30 Excel Functions in 30 Days: 02 – AREAS

Icon30DayYesterday we started the 30XL30D challenge with the action-packed, fun-filled, EXACT function. It had several examples and ways to apply it in your own workbooks.
NOTE: You can have all of the 30 Functions content in an easy-to-use single reference file — the 30 Excel Functions in 30 Days eBook Kit ($10).
Today we’ll investigate the AREAS function, and it’s a bit lighter in the usefulness department (to put it politely). It’s like the lazy brother-in-law, in a bad sitcom, who lies on your couch, and drinks your beer.
But, even a layabout can have a purpose. That lazy brother-in-law can serve as an example for your children, of how NOT to behave. As for the AREAS function, we can use it to see how the 3 different reference operators work, and how they affect the formula results.
So, let’s take a look at the AREAS information and examples, and if you have other examples, please share them in the comments. But don’t send me your brother-in-law!

Function 02: AREAS

The AREAS function returns the number of areas in a reference — an area is a range of contiguous cells or a single cell. The cells can be empty, or contain data – that has no effect on the count.

How Could You Use AREAS?

The AREAS function doesn’t have many real-world uses, but it’s an interesting example of how the reference operators work. You can use the AREAS function to do the following:

  • Count the number of areas in a range
  • Count the number of intersections for multiple ranges
  • Calculate an area number for an INDEX function

AREAS Syntax

The AREAS function has the following syntax:

  • AREAS(reference)
    • reference can be a single cell or range, or can refer to multiple areas.

Reference Operators

When entering references, you can use any of the 3 reference operators:

: colon A1:B4 Range all cells between, and including, the two references
, comma A1, B2 Union combine multiple references into one
space A1 B3 Intersection cells common to the references


If you are using a comma in the AREAS function, to refer to multiple ranges or cells, add another set of parentheses.
Otherwise, the comma will be interpreted as a field separator, and you’ll get a “too many arguments” error.

Example 1: Count the Areas in a Range

You can use the AREAS function with a simple range reference, and the count will be 1.

Example 2: Count the Areas in Multiple References

You can use the AREAS function with multiple references, to get a total count of areas. Because a comma is used as the union operator, you’ll need to add an extra set of parentheses in the formula.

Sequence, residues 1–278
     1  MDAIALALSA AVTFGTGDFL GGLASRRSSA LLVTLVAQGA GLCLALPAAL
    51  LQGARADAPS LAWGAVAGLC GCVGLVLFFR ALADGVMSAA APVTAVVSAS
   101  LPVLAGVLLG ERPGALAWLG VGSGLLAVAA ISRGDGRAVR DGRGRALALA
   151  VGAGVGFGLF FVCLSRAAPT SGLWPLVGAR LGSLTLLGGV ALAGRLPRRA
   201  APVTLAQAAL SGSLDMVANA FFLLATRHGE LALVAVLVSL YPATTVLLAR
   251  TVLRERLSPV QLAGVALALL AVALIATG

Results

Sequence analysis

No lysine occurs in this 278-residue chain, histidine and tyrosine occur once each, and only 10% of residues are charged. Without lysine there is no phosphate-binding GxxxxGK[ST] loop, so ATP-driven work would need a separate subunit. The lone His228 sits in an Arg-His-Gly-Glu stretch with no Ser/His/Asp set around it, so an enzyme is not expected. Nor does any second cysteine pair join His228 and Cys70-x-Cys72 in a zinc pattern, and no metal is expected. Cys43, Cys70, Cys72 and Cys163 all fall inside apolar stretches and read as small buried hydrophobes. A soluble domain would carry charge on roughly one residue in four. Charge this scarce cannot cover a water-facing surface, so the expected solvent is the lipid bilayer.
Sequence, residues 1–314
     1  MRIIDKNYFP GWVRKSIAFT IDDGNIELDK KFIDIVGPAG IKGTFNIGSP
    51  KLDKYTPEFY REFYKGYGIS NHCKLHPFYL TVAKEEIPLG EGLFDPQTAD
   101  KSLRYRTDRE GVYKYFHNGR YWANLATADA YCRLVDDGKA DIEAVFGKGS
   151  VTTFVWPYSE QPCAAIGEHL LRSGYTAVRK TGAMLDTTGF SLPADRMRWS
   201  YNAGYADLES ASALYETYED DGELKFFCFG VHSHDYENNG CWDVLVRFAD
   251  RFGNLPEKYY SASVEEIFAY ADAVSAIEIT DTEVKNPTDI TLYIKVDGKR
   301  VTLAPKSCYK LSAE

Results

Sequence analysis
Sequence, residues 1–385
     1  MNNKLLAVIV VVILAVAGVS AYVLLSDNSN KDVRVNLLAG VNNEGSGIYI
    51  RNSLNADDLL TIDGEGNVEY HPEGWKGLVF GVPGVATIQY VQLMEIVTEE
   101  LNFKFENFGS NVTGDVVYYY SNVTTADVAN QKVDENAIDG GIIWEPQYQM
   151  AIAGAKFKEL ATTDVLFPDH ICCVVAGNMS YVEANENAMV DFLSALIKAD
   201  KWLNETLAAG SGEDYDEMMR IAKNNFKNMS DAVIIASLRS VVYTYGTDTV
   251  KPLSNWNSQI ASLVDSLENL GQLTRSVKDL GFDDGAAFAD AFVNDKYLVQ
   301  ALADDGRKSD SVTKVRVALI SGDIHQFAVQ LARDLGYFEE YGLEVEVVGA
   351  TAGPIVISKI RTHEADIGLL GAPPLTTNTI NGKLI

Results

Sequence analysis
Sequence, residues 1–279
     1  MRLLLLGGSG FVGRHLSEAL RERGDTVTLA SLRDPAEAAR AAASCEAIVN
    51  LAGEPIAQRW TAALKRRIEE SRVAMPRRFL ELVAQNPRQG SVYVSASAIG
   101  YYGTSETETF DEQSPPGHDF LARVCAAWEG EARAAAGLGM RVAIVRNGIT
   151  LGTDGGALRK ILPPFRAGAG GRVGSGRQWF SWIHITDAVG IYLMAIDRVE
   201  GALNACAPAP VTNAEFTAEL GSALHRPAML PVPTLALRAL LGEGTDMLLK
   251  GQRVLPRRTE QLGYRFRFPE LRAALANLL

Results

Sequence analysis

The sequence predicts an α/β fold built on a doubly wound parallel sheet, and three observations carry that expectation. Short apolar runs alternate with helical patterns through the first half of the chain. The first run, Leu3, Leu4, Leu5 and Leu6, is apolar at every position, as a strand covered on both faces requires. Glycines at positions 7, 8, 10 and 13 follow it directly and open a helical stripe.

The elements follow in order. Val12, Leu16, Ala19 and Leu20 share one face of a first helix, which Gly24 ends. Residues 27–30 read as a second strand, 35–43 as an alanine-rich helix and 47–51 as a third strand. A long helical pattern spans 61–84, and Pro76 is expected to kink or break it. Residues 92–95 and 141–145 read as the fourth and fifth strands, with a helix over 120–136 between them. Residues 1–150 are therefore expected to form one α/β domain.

The two ranges in the reference are adjacent, but are counted as separate areas, so the formula result is 2.

Example 3: Count the Areas in Overlapping References

Even if the references overlap, or one reference is completely within another, when using the comma as the union operator, each area will be counted separately.
The two references overlap, and F2 is completely within the F2:H2 range, but they are counted as separate areas, so the formula result is 2.

Example 4: Count the Areas in Intersecting References

When you use the space character to create an intersection from the references, the intersection areas will be counted.
The named range TESTREF01 is coloured blue and TESTREF02 is coloured purple. These ranges intersect at three points, outlined with bold borders, so the formula result is 3.

Example 5: Calculate the Area Number for INDEX

The INDEX function, in Reference form, can use area number as its final argument.
This example, based on an Excel newsgroup post by Leo Heuser, refers to a non-contiguous named range – TestBlock. In the INDEX formula, TestBlock is the reference, and the AREAS function calculates the number of areas in the TestBlock range.
To get the value from TestBlock, row 5, column 1, last area, use this formula:
The last area is Day04, and the 5th value in Day04 is H05, which is the formula result.

Download the AREAS Function File

To see the formulas used in today’s demo, you can download the AREAS function sample workbook. The file is zipped, and is in Excel 2007 file format. Try to use each function in your own workbooks. Then, for extra brain-sticking power, teach a friend or co-worker how to use each function. When you explain it to someone else, you’ll remember it better.

Watch the AREAS Video

To see a demonstration of the examples in the AREAS function sample workbook, you can watch this Excel video tutorial.
YouTube link: Count Areas With Excel AREAS Function